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Infect Genet Evol. 2015 Apr;31:231-5. doi: 10.1016/j.meegid.2015.02.006. Epub 2015 Feb 13.

Genetic diversity and variation over time of Coxiella burnetii genotypes in dairy cattle and the farm environment.

Author information

1
NEIKER - Instituto Vasco de Investigación y Desarrollo Agrario, Department of Animal Health, Berreaga 1, 48160 Derio, Bizkaia, Spain. Electronic address: alvarops82@hotmail.com.
2
NEIKER - Instituto Vasco de Investigación y Desarrollo Agrario, Department of Animal Health, Berreaga 1, 48160 Derio, Bizkaia, Spain. Electronic address: jbarandika@neiker.net.
3
NEIKER - Instituto Vasco de Investigación y Desarrollo Agrario, Department of Animal Health, Berreaga 1, 48160 Derio, Bizkaia, Spain. Electronic address: agarcia@neiker.net.
4
NEIKER - Instituto Vasco de Investigación y Desarrollo Agrario, Department of Animal Health, Berreaga 1, 48160 Derio, Bizkaia, Spain. Electronic address: ahurtado@neiker.net.

Abstract

The genetic diversity of Coxiella burnetii from 36 dairy cattle herds was determined by Multiple-Locus Variable number tandem repeats Analysis (MLVA), and genotypes from different sources (bulk-tank milk - BTM and surface dust) and sampling time (2009/10 and 2011/12) were compared. A total of 15 different genotypes were identified from 60 BTM and seven dust samples, including seven genotypes reported here for the first time (BN, BO, BP, BQ, BR, BS, BT). The two most prevalent genotypes (J and I), detected both in BTM and dust, accounted for 44.5% of the C. burnetii typed and have been reported infecting cattle worldwide. In 52% of herds more than one genotype was found, and mixed infection with two genotypes was observed in seven BTM samples. Comparison of C. burnetii genotypes at different samplings within each herd detected a change in genotype in 32% of herds, while a persistent genotype was identified in the remaining 68%. In addition, the genotype obtained from dust samples was always identical to that present in the BTM sample. Often persistent genotypes were among the most prevalent types. Clustering of the MLVA genotypes from this and other studies using the minimum spanning tree method separated our C. burnetii strains into two clusters, 10 genotypes clustered within genomic group (GG) III, and the remaining five types (AE, BQ, BR, BS and BT) grouped with GG II, which includes strains implicated in human outbreaks. Although presence in cattle of genotypes closely related to those identified in humans does not seem to be common event, it cannot be neglected and surveillance of genotype distribution is needed to fully understand the epidemiology of Q fever.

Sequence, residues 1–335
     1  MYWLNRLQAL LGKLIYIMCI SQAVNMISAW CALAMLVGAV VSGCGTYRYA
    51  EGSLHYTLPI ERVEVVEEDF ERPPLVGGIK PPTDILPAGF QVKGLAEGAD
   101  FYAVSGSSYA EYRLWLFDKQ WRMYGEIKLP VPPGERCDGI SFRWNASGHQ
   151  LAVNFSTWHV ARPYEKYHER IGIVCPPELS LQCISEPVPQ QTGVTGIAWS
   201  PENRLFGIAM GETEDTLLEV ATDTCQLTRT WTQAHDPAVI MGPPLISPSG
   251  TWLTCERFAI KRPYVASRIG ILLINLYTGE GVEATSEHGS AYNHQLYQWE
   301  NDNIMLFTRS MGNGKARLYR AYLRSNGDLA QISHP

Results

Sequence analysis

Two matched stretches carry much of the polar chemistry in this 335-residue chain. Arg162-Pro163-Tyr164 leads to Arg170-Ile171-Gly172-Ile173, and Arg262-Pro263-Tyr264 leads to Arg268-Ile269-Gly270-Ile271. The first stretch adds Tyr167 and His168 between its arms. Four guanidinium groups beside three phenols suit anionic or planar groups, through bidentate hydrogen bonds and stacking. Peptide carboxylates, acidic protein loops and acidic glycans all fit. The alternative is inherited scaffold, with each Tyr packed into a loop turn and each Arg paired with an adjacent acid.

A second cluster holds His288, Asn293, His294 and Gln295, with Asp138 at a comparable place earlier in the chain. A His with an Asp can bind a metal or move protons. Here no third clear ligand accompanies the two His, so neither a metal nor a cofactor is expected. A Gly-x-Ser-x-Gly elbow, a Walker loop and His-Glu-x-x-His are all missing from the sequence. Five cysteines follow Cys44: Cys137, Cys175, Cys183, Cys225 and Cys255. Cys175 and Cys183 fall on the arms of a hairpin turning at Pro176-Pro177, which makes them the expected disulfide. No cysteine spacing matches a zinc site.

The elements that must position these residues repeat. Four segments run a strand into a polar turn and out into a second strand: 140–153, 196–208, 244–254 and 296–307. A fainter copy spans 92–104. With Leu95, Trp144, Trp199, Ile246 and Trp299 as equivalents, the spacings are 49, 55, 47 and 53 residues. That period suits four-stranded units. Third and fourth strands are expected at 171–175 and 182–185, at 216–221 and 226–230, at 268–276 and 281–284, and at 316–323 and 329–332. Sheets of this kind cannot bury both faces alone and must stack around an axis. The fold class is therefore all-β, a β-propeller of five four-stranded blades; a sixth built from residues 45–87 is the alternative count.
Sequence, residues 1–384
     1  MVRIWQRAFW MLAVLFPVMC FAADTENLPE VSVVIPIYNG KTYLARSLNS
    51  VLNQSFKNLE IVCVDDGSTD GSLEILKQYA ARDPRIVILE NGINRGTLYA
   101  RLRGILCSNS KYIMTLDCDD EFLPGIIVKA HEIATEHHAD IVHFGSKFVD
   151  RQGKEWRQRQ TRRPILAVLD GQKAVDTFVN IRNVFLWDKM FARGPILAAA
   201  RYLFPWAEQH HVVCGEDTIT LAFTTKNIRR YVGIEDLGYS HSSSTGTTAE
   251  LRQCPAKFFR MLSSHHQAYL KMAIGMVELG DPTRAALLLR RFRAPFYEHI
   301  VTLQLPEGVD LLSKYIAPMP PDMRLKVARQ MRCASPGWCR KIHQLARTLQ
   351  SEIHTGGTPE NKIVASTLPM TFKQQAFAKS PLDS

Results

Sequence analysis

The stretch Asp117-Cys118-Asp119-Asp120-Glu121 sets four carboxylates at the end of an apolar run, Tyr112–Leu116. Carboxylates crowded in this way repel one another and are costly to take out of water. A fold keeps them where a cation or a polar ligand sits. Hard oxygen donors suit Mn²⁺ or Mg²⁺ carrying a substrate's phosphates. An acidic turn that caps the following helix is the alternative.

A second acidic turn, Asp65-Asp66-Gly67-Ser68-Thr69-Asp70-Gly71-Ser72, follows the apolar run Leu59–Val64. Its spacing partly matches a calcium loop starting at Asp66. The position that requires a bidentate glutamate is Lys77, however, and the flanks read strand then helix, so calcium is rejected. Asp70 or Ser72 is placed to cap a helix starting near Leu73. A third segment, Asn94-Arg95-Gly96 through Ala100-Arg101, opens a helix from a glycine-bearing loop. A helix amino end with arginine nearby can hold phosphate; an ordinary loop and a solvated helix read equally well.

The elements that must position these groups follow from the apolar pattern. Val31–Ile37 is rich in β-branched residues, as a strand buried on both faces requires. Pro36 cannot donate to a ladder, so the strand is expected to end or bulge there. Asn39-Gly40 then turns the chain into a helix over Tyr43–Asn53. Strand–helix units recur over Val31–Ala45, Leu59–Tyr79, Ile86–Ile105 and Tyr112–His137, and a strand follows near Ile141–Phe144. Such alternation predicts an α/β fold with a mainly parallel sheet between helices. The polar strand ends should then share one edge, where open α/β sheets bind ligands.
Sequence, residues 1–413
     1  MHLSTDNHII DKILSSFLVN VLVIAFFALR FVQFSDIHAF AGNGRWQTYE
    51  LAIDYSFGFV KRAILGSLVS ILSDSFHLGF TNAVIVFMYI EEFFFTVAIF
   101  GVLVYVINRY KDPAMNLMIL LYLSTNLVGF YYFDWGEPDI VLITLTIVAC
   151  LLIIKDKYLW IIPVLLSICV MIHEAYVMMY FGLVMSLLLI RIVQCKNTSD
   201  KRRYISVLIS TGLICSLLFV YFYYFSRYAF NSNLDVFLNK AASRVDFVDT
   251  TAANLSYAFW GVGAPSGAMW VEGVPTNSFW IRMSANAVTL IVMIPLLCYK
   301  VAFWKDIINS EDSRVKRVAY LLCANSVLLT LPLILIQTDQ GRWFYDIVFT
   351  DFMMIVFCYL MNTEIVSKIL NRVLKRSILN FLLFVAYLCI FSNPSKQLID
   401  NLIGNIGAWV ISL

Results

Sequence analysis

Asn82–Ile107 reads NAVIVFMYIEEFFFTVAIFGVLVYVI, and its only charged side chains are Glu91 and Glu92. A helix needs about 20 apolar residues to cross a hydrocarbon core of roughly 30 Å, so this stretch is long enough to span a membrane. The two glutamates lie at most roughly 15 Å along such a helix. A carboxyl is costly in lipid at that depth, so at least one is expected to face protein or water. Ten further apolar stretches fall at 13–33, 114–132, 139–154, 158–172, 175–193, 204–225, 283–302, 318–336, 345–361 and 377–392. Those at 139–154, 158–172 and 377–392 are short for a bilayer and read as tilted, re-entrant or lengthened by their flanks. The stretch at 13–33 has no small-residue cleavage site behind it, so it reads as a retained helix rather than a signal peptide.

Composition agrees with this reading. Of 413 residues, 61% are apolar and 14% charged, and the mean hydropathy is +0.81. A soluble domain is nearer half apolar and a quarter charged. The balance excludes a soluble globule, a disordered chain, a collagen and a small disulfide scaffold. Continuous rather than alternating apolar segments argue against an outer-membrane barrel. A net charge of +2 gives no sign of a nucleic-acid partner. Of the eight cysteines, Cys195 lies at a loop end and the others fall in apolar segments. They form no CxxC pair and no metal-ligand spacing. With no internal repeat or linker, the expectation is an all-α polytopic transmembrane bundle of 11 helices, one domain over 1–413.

KEYWORDS:

Bulk-tank milk (BTM); Coxiella burnetii; Dairy cattle; Genotyping; Multiple-Locus Variable number tandem repeats Analysis (MLVA); Surface dust

PMID:
25684412
DOI:
10.1016/j.meegid.2015.02.006
[Indexed for MEDLINE]

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